Freedom from Mediocracy: Understanding the World Through an Artist’s Eyes
Famous performance artist, Laurie Anderson, was quoted as saying that “talking about music is like dancing about architecture.” The meaning behind her words is clear. Music, like visual art, is a feast for the senses. To truly experience art in any form, you must immerse yourself. Art is subjective; each person views art from their own history and perspective. Therefore, writing content about any type of art form can be challenging.
Through the Artist’s Eyes
Although anyone can learn art history, the truth is that unless we meet the artist, there is no way to know what they were thinking when they created their work. Some pieces are fraught with meaning when developed, however others represent the artist frolicking through the elements and displaying the result.
Artists as a group think differently than the average person. You might get an idea of how an artist thinks by spending a day with a small child. Children are enthralled by simple things that adults take for granted such as a fallen leaf, a smooth stone, or a bird chirping in a tree. Artists also view their world through a unique filter, focusing on what they see and capturing it in their mind’s eye. When viewing the fallen leaf, an artist may see the subtle shades of color encapsulating the leaf, its surroundings and the light shining on the leaf. Or they may see how the leaf represents the cycle of life that a tree goes through each year, and choose to present that view in their artwork.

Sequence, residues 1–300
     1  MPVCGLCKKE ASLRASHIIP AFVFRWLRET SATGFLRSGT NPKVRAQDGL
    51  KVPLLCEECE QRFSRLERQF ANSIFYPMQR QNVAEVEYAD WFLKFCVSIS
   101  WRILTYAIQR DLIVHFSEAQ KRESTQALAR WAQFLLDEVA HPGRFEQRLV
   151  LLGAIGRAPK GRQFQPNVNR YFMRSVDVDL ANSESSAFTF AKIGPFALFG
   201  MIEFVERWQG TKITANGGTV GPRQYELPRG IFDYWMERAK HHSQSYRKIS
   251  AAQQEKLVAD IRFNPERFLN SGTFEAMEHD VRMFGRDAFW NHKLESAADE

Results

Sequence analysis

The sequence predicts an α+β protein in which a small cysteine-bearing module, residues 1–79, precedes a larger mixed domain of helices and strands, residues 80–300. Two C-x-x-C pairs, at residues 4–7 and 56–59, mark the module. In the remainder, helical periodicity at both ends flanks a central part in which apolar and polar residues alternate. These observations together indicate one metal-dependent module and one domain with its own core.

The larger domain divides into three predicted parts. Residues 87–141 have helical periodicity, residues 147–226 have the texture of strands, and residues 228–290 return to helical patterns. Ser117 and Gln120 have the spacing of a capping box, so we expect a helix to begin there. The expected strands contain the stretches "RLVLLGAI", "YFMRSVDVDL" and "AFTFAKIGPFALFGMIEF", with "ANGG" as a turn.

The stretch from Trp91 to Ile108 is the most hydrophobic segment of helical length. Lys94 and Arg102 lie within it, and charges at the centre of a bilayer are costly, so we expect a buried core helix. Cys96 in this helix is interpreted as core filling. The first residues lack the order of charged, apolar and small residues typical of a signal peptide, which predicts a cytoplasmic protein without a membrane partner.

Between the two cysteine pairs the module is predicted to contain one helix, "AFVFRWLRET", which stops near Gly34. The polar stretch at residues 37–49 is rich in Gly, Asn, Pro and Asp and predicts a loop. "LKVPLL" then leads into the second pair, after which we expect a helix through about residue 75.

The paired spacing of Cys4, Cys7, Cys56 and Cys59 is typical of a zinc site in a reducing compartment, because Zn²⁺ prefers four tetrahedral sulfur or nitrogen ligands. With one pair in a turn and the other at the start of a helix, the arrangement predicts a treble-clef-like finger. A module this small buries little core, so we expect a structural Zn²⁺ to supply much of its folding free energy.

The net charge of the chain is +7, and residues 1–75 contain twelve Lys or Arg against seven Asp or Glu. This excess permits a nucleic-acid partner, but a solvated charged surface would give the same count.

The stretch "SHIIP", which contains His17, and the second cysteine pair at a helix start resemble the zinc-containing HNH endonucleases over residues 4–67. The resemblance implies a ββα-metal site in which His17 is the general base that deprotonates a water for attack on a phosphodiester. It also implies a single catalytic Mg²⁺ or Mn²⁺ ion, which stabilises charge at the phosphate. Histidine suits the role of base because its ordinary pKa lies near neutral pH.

Meeting the Artist
The best way to understand art is to meet the artist who created it. Although it is impossible to meet the artists of yesteryear, talking to current artists can offer a glimpse into the labor that went into their pieces. Much of the work in art happens before the brush touches the canvas or the clay drops on the wheel. Artists design their work for hours or days before they produce it.
Each artist has a unique process for designing, however, whether it is in their mind or a drawing on paper, planning the piece is often the most difficult part of the work they do. Besides their vision, getting the art materials to behave in the specific manner is challenging. Artists’ work rarely matches their design-vision exactly. The artwork takes on its own life due to the artistic medium used.
Part of appreciating art is finding your own meaning. However, good art is never easy; we should appreciate the hours of labor it entails. Art pulls us all out of the world of the mediocre and mundane and into the imagination, the possible, and the inspired. Artists are inventors with the capability of expressing their vision in color and texture that we can only stand on the outside and admire as we wonder at the mystery of perception.
Paula A is a writer by day and a voracious reader by night. She is currently trying to keep her house clean and her mind uncluttered, (or is it the other way around). She specializes in sales and marketing, hazelnut lattes and admiring local art.